* S&P cuts Qatar credit rating, citing diplomatic rift
* Riyal back near peg as central bank supplies dollars
* But other signs of financial market stress persist
* Central bank wants daily data on FX, deposits, transfers
* Outflows from loans and deposits could dwarf portfolio
By Hadeel Al Sayegh, Davide Barbuscia and Tom Finn
DUBAI/DOHA, June 8 Qatar’s central bank has
asked commercial banks to provide it with detailed information
on foreign exchange trading, banking sources told Reuters on
Thursday as Doha’s diplomatic rift with other Gulf states put
its currency under pressure.
The riyal hit an 11-year low of 3.6530 to the dollar late on
Wednesday after Standard & Poor’s cut Qatar’s credit rating,
citing this week’s decision by Saudi Arabia and the United Arab
Emirates to sever diplomatic and transport ties with Doha.
The dispute, over Saudi and UAE charges that Doha supports
terrorism, triggered outflows of capital from Qatar which, if
they persist, could eventually make it harder for authorities to
maintain the riyal’s peg of 3.64 to the dollar.
The central bank’s move to gather data on the currency
market was in response to this concern, Qatari commercial
“We now consider risks to external financing lines to the
whole economy, including foreign direct investment, portfolio
flows and to the financial sector, to be elevated, and this
could lead to pressure on Qatar’s pegged monetary arrangement,”
The sources said banks in Qatar were asked to provide daily
information on their foreign exchange trading, a daily statement
of withdrawals and transfers from deposits worth at least 10
million Saudi riyals ($2.7 million), and daily data on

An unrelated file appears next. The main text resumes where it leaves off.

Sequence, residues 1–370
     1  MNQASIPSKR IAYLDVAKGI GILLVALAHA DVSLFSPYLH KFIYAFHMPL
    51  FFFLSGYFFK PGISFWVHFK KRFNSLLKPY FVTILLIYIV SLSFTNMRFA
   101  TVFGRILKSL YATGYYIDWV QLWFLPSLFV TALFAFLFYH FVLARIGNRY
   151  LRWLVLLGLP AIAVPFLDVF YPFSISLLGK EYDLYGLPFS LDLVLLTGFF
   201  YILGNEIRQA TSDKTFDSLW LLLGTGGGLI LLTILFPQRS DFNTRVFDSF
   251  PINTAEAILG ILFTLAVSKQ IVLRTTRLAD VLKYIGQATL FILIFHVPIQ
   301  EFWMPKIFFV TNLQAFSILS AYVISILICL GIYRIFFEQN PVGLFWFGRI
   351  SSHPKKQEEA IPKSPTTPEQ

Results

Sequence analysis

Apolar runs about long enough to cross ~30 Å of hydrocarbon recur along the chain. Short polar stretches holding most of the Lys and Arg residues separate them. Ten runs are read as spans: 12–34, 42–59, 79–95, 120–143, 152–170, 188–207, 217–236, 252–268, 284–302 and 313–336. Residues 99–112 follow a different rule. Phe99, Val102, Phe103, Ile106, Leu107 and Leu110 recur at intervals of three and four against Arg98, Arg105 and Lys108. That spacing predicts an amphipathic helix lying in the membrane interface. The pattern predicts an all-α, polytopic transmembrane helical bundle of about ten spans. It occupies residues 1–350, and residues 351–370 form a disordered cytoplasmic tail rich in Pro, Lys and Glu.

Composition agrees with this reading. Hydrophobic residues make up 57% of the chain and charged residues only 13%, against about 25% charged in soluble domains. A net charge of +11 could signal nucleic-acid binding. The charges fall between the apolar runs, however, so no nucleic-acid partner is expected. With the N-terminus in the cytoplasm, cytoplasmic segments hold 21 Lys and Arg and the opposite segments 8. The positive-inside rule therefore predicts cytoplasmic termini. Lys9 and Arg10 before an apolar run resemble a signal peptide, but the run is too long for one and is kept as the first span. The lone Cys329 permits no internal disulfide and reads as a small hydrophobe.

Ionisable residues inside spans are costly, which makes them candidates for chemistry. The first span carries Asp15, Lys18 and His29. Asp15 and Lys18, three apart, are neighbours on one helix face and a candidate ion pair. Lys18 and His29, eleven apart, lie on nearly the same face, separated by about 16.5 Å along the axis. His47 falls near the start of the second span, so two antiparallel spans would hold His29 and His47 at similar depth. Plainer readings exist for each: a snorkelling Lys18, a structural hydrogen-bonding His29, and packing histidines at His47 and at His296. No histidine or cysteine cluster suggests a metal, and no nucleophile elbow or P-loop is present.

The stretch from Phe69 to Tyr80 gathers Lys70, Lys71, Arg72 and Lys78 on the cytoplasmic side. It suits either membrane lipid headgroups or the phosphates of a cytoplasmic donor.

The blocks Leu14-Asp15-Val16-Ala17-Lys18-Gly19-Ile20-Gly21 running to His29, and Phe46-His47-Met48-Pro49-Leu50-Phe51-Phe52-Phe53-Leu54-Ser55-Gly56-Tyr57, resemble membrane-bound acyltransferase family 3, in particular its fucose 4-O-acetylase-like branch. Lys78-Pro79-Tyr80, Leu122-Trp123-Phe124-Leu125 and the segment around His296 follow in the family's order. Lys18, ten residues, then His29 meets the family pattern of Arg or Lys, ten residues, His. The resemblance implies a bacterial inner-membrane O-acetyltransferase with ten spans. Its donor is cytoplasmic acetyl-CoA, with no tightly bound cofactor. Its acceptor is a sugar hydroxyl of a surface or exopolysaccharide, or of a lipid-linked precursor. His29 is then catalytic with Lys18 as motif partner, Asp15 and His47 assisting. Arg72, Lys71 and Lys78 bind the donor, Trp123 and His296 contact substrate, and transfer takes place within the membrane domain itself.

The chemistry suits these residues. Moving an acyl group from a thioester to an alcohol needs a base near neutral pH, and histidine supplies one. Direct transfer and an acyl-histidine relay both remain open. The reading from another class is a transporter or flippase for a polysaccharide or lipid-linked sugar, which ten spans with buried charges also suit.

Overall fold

cash withdrawals and deposits.
Previously, banks were generally required to provide such
The central bank also asked banks to supply on a
weekly basis a breakdown of their customer deposits by maturity
and type from Gulf Cooperation Council countries, Egypt and
other countries, the sources said. The central bank did not
respond to requests for comment.
The riyal rebounded to trade much closer to its peg in the
spot market on Thursday; some traders said the central bank was
supplying dollars to banks which wanted to close out their riyal
positions, in order to avoid downward pressure on the currency.
“There’s some stress in the Qatari riyal currency market but
it’s too early to talk about pressure on the Qatari peg,” said a
UAE treasury banker, who like most bankers declined to be named
because of political sensitivities.
S&P estimated the government’s liquid external assets were
worth 170 percent of gross domestic product, a massive amount
equivalent to nearly 10 years of the country’s imports – a much
higher degree of backing for its currency than most countries.
Nevertheless, there were other signs of tension in Qatari
financial markets on Thursday. The riyal remained under pressure
in the offshore forwards market, which banks use to
hedge against future moves in the currency.
The cost of buying insurance against a Qatari sovereign debt
default hit a seven-month high, and the cost of
borrowing three-month riyal funds in the interbank market
jumped to 2.16 percent, the highest in at least
several years – a sign nervous banks were holding back funds.
A major source of capital outflows from Qatar so far has
been the stock market, which plunged 9.7 percent over
three days before partially rebounding on Thursday. Some foreign
portfolio managers sold stocks and sent the proceeds home.
In addition, some banks in Saudi Arabia and the UAE are
closing out Qatari riyal long positions and offloading part of
their riyal assets to reduce their risk.
While Riyadh has told its banks it does not want them to do
new business with Qatari institutions, neither Saudi Arabia nor
the UAE has yet clarified whether banks will be required to
liquidate existing deals. Some bankers are cutting exposure now
to limit the pain if they are forced into a firesale of assets.
Other banks in Saudi Arabia and the UAE have halted all
transactions in the Qatari riyal, viewing them as too risky,
although some remittances of money between the UAE and Qatar
were continuing on Thursday, bankers said.
A much bigger threat to the Qatari riyal than outflows from
the stock market is the risk of an exodus in coming weeks and
months from loans and deposits provided by foreign banks to
Qatari banks. Foreign liabilities of Qatari banks increased to
451 billion riyals ($124 billion) in March from 310 billion
riyals at the end of 2015.
(Additional reporting by Tom Arnold and Saeed Azhar; Writing by
Andrew Torchia; Editing by Toby Chopra)